Let me just tell you, I am so excited to write about this book I finished today. I highly recommend it (sorry, getting ahead of myself already).
If you know me, you may or may not guess that I’m an introvert. That doesn’t meant that I don’t LOVE people (I do!) or that I’m a recluse. It simply means that I enjoy and “recharge” by time alone, usually with a book or a journal, or both. Lately I have been trying to find the balance between doing what God has called me to do and having time to rest. I don’t want to be exhausted from busyness, nor do I want to be lazy. What to do?
My biggest takeaway from this book was in the beginning, when Erin talked about how being loved is different than being known. Our culture values love, but it struggles with understanding that true love begins with really knowing a person beyond the mask(s) he or she might wear. God can see through every mask we might try to put on. He knows our fears, failures, and sadness, and yet He still loves us.
Last week I wrote a review on a book about fasting. That review was part of a bigger picture of what God has been doing in my life recently. Over the past several weeks, my constant prayer has been, “God, I want to KNOW you. Like, really know you. I want to know your presence so deeply that I miss you when I’m not close to you. I don’t just want to know about you; I want to know you, God.” So when this book began with talking about “knowing and being known,” a light bulb turned on in my head.
God is not hiding from me. One of my favorite passages in the Bible is Jeremiah 29:11-14, which says, “For I know the plans I have for you, declares the Lord, plans for welfare and not for evil, to give you a future and a hope. Then you will call upon me and come and pray to me, and I will hear you. You will seek me and find me, when you seek me with all your heart. I will be found by you, declares the Lord…” So, this need to connect, to know and be known, starts with God. He loves me in spite of knowing everything about me–what greater gift is there?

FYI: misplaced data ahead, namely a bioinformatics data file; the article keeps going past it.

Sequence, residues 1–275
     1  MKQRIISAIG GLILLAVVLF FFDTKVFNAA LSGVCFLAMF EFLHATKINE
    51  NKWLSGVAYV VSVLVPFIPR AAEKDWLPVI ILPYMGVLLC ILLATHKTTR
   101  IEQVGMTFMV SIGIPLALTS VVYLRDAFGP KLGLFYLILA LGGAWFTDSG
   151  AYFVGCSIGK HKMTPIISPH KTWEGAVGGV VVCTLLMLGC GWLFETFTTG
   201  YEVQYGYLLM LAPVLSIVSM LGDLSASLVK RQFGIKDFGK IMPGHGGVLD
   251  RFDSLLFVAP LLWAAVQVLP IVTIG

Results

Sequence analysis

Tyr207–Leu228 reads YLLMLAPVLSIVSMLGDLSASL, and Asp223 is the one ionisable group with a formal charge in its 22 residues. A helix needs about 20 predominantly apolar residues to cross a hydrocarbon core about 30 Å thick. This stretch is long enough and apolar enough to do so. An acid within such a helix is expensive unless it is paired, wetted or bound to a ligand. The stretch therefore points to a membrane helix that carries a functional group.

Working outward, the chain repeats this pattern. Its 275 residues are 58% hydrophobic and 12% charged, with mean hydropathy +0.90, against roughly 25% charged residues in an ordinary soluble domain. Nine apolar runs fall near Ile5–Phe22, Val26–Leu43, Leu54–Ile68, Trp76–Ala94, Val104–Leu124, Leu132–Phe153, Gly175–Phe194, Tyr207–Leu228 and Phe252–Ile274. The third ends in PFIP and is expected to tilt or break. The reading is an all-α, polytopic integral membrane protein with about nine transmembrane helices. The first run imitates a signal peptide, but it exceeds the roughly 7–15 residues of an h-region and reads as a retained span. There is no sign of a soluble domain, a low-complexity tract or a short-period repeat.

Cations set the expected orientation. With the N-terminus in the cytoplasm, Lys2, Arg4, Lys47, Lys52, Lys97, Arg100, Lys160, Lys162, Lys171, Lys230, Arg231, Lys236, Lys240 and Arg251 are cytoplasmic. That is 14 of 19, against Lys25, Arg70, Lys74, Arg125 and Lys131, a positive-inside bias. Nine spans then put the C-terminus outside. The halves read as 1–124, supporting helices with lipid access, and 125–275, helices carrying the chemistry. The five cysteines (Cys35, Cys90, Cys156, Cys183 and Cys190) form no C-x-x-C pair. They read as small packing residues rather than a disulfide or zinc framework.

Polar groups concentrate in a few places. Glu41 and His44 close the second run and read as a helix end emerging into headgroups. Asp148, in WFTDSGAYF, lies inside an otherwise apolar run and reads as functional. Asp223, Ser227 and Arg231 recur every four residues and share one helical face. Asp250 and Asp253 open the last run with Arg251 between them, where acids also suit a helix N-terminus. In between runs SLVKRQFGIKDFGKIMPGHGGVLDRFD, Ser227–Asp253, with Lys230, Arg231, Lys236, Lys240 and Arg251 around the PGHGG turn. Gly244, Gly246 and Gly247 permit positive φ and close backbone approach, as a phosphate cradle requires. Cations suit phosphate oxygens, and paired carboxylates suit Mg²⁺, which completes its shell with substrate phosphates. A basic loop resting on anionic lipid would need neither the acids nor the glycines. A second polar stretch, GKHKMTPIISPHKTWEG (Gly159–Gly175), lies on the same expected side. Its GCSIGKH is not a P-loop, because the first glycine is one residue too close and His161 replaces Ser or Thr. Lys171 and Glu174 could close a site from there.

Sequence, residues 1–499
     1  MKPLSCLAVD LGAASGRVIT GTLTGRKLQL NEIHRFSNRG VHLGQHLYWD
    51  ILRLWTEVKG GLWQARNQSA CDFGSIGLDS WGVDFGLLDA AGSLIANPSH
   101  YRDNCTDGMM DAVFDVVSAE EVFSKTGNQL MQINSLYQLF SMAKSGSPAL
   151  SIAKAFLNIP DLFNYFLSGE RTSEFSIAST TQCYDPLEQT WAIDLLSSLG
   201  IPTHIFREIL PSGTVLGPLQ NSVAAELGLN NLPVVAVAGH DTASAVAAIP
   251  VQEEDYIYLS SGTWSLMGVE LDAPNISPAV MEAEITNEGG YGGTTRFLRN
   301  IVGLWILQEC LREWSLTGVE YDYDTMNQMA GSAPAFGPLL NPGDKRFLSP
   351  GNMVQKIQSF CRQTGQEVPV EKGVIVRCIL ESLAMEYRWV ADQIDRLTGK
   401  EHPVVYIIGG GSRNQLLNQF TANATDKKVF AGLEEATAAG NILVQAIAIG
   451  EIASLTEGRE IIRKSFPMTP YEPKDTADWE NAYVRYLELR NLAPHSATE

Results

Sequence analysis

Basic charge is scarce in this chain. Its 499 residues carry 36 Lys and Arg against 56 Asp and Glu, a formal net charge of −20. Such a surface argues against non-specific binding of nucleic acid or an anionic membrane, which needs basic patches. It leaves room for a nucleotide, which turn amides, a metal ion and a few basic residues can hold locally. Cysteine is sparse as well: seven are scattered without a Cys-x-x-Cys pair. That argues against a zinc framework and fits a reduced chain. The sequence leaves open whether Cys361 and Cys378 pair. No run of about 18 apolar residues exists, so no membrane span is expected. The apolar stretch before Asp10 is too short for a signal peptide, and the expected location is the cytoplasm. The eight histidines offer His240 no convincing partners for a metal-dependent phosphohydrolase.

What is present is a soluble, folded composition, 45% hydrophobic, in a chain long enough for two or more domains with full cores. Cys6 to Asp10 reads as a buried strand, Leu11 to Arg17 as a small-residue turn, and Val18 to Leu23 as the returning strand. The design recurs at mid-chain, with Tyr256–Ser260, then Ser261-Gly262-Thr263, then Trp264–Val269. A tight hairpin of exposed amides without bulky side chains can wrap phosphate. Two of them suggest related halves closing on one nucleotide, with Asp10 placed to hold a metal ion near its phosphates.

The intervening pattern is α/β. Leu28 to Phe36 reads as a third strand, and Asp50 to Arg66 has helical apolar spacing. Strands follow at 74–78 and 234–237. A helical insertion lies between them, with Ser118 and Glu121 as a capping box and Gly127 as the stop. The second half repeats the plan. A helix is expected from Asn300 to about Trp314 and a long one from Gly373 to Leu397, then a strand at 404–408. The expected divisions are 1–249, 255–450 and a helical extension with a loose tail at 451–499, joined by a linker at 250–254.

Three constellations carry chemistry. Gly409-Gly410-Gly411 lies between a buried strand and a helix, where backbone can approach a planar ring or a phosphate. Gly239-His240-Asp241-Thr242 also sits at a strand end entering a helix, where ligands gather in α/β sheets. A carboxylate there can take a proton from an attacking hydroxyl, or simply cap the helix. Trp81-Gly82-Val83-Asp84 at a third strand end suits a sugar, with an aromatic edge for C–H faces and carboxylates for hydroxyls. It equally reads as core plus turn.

The knowledge that God invites us to know and be known by Him is the springboard for every other relationship. Because we are fully known and fully loved by our Creator, we need not fear reaching out to know and be known by others. Will it be messy? Yes. Will it be inconvenient? Sometimes, yes. But we need each other.
Erin Davis does a fantastic job of talking about the hurdles to connecting, to our need for connection, to the practical aspects of connecting with others. I realized while reading this book that true connection with other people is not something to pursue instead of rest. Rather, it is part of resting because I can be real with someone without fear and without performance. I have been greatly encouraged to seek deeper connections within my circles, and I can’t wait to see what God brings forth as He stretches me in this area.
I’m not sure I did the book justice in this review, but trust me. It’s worth reading! I have already recommended it to a friend who I plan on meeting with to discuss it once she is finished. If anyone else reads it, I would love to hear your thoughts!
*I received a free copy of the book in ebook form through netgalley.com in exchange for an honest review.*